will have to await the publication of the NIHE second report.
As mentioned earlier the NIHE has carried out regular HCSs since 1974. A central part of the assessment of housing condition is whether or not the dwelling is statutorily unfit. For the purposes of the surveys carried out in 1974, 1979, 1984 and 1987 the standard for unfitness was the same and was based on the 1956 Northern Ireland Housing Act (amended by the 1971 Housing Act and the 1981 Housing (NI) Order). However the standard was substantially changed for the 1991 HCS (in line with changes in England); the legislation concerned was the 1992 Housing (NI) Order. The change has had the effect of breaking the continuity of comparison between the 1991 survey and the earlier ones. However the NIHE have provided estimates of the effect the new standard is likely to have had on the 1987 level of unfitness.
The first of the HCSs in 1974 found an unfitness level of 19.6 per cent and by 1987 this figure had been reduced to 8.4 per cent. Using the new standard for assessing unfitness the NIHE have recalculated the 1987 figure and, other things being equal, it is estimated that 11.0 per cent of dwellings would have been unfit in 1987. The 1991 survey found unfitness to be 8.8 per cent of the housing stock. It would appear therefore that making an allowance for the new standard the level of unfitness in the Northern Ireland housing stock has continued to decline.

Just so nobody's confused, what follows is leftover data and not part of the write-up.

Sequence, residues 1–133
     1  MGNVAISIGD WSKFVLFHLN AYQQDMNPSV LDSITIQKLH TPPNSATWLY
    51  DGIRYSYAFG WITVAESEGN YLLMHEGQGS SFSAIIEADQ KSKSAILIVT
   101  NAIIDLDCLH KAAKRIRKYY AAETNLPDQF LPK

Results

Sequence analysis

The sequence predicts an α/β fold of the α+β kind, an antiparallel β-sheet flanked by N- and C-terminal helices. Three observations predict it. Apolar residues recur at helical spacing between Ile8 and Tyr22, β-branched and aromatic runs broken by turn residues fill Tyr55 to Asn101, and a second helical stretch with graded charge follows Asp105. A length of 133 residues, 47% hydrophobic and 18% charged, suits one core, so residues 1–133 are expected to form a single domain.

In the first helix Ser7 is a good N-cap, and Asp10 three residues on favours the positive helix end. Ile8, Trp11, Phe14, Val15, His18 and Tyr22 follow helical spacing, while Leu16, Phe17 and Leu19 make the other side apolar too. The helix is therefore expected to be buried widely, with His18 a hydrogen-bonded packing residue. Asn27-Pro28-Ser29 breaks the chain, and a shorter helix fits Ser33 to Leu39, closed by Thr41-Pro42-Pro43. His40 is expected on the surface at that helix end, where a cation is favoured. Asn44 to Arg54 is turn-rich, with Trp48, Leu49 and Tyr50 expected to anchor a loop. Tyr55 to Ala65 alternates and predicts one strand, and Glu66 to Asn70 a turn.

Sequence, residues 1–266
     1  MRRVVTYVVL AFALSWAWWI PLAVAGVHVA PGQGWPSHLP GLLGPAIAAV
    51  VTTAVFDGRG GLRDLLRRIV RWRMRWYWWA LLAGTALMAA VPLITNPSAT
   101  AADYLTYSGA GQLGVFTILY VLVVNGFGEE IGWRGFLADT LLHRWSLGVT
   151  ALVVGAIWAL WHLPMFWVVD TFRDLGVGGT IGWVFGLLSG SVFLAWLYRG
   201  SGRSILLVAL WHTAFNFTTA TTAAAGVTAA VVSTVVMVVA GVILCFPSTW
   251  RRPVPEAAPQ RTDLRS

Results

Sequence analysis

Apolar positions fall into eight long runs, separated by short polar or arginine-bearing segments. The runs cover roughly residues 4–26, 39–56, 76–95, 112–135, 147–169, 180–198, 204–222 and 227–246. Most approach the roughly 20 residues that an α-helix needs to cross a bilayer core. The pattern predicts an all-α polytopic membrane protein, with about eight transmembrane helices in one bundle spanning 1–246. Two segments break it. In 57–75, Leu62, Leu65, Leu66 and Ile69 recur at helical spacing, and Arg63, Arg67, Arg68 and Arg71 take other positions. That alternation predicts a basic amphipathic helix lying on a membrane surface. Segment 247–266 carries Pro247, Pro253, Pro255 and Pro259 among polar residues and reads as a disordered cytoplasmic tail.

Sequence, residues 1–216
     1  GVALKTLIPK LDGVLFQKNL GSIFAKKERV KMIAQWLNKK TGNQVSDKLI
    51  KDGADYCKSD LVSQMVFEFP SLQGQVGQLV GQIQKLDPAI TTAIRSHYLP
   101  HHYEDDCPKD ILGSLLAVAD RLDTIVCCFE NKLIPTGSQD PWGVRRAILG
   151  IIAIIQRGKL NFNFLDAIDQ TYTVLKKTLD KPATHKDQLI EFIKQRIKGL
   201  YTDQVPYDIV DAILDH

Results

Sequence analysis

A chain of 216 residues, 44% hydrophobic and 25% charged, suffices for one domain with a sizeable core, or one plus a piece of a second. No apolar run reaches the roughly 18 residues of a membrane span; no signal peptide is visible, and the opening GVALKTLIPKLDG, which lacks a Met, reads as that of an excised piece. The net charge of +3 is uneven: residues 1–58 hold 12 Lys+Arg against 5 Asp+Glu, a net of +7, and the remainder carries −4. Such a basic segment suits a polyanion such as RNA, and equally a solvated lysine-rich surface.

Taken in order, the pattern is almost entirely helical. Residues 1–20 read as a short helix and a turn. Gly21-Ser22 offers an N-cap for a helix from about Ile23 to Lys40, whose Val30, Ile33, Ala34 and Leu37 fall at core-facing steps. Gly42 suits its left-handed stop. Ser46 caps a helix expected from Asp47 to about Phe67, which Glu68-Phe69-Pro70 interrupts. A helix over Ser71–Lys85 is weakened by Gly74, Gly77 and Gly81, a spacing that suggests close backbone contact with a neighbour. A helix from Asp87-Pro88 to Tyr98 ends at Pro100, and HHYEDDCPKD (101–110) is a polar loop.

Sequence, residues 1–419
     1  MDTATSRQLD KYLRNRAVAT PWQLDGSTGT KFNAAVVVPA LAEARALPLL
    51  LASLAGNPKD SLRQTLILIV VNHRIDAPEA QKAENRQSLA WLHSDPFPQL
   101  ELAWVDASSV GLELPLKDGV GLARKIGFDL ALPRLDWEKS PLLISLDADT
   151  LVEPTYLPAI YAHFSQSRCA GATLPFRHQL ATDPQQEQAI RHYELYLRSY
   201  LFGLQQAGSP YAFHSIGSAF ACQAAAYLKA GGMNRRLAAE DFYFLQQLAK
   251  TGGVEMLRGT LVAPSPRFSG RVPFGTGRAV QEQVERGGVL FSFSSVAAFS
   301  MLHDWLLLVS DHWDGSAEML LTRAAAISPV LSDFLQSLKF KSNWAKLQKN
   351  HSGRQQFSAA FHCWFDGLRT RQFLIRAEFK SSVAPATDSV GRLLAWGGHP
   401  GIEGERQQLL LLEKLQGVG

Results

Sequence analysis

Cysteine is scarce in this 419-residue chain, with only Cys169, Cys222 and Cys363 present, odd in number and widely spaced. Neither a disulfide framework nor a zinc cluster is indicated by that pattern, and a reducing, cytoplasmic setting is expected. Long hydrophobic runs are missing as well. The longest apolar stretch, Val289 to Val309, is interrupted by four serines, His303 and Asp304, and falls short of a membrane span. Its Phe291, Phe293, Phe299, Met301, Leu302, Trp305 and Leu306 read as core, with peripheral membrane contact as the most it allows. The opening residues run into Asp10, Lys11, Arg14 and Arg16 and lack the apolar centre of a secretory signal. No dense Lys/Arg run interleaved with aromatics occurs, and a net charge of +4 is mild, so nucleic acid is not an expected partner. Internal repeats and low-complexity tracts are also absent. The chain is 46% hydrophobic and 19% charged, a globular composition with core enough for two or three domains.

It is clear from an inspection of the unfitness data for the district council areas that there remains an important element of variation in the figures across the region. The lowest level of unfitness was 2.5 per cent in Castlereagh while the highest was 23.3 per cent in Fermanagh (NIHE 1993). This pattern reflects the rural nature of unfitness in the region and in particular that proportion of the housing stock which is located in isolated rural areas. Evidence from the 1991 survey showed that approximated one-third of all farm dwellings in the region were unfit. Figure 9.7 shows the association between the percentage of dwellings in each district council which are unfit and the percentage of Catholics living in the particular area. As mentioned previously this type of association based, as it is, on area data can not prove a relationship between religion and housing condition at the individual household level. However it is likely that observed pattern reflects the pattern of owner occupation of older dwellings among Catholic families living in rural areas in west and south of the region.
district council areas, 1991
The 1991 data shows a continuing improvement n the amenity provision within the housing stock. The percentage of dwellings lacking one or more basic amenities has declined from 26.2 per cent in 1974 to 3.3 per cent in 1991 (NIHE 1993). While the overall level of the problem is less than the case for unfitness or disrepair, there remain a number of geographical differences in the data. While four of the Housing Executive's regions showed an improvement in the number of dwellings lacking amenities between 1987 and 1991 , there was no significant improvement in the West region. Figure 9.8 provides details of dwellings lacking at least one basic amenity in each of the district council areas by the percentage of Catholics in the particular areas. While the absolute level is less than for unfitness it is clear that there is still an association between a lack of amenity provision and the proportion of Catholics in an area.